Chapter 5 - Conditional statements

Decisions, decisions

It is not hard to think of situations where your actions are conditional, that is, you decide what to do based on the answer to some question or on some condition that you observe. For example,


Frequently we also have an alternative in mind, too:


Notice that there is a kind of structure to the description above: a set of things we do if it’s raining, and an alternative set of things we do if it isn’t raining. It is convenient to use indentation to help us visually group together these related actions. The fact that “go to work” isn’t indented along with “put on sneakers” suggests that we have to go to work whether it’s raining or not.

The structure of decisions like these can be visualized nicely with flowcharts. Remember from unit 1 that we use a diamond-shaped block for a decision point in a flowchart, so the first example would look like this:


And the second example would look like this:


The flowcharts make one thing very clear, anyway. There are two branches or paths through the diagram, and you’ll do the things on the “Yes” branch, OR you’ll do the things on the “No” branch, but there’s no possible path along the arrows in which you do the things on both branches.

Also notice the small circle where the “Yes” and “No” branches come back together. That is an important feature that reflects the way that conditional statements are used in programming. You’ll take one of two alternative paths that have different actions on them, but both paths MUST eventually end up at the same point again.

Boolean expressions

As you might expect, we want to be able to write statements in Python representing conditional actions. What’s a “condition”, anyway? By “condition”, we just mean an expression whose value is either true or false. For example, what if you type an expression like “2 < 3” in the shell or in an activecode window?

Well, that sort of makes sense. Let’s try another one.

We know that every value has a type, so what is the type of an expression like 2 < 3? It obviously isn’t an int, a float, or a string, the three types we know about so far. We can find out with the type function.

This is something we haven’t seen before. It turns out that “bool” is short for “boolean”, a type that has just two possible values, represented by the Python literals True and False. We can write simple boolean expressions using the relational operators for greater-than and less-than as in the examples above. There are six relational operators in all. You’ve seen them all in math classes, but in Python we have to use slightly different symbols, as shown in the table below.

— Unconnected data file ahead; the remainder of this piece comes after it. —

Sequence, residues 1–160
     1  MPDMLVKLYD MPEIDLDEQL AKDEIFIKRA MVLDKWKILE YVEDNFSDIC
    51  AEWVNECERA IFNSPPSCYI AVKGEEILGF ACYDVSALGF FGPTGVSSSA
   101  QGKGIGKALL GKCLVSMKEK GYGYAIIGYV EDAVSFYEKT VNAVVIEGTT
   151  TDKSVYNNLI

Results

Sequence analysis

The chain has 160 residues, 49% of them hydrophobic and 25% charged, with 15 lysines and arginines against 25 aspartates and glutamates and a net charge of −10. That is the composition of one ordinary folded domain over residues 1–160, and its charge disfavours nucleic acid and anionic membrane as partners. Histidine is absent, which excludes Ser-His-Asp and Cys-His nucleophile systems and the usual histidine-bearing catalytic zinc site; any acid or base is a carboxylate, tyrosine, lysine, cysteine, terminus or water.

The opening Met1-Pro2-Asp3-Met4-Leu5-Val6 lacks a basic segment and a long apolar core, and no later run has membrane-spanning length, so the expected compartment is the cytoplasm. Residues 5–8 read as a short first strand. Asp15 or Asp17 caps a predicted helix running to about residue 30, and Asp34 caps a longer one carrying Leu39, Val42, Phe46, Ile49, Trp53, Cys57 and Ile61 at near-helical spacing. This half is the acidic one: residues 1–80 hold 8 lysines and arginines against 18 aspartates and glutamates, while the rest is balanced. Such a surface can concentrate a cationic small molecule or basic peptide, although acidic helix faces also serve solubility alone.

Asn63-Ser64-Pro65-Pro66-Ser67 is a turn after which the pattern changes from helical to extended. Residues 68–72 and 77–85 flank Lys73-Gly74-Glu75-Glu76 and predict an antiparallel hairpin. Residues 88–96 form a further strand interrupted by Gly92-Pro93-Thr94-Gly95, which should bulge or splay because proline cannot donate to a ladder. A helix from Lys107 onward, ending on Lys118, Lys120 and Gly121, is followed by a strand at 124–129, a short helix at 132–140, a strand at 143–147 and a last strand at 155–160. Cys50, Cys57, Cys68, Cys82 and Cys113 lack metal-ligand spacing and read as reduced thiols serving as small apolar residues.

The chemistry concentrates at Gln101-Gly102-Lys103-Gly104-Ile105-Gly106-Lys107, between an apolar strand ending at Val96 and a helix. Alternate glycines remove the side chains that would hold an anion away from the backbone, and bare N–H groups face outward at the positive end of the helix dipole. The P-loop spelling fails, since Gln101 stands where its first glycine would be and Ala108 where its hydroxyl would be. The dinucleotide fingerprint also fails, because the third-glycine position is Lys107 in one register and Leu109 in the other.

That last one is somewhat curious. Remember, the symbol = is not an equals sign in Python, it is the assignment operator. So to test whether two expressions are equal, we need a different symbol. Like several other programming languages, Python uses a double equals sign (==) for this purpose:

We read the first line as “x gets the value 42”, which is a statement that changes the value of x. We read the second line as “x is equal to 43”, which is an expression with the value False. It doesn’t change the value of x.

Be careful! Using an assignment operator, that is, a single equals sign, when you really want to check equality is definitely one of the all-time top ten programming errors. Notice that if we accidentally wrote x = 43 in the second line above, it wouldn’t check whether x was equal to 43, it would change the value of x to be 43!

Conditional statements

Let’s start with an example. Here’s a short script that reads an exam score from a user and then prints a brief response.

Let’s examine this more closely. Notice there are two new keywords, if and else.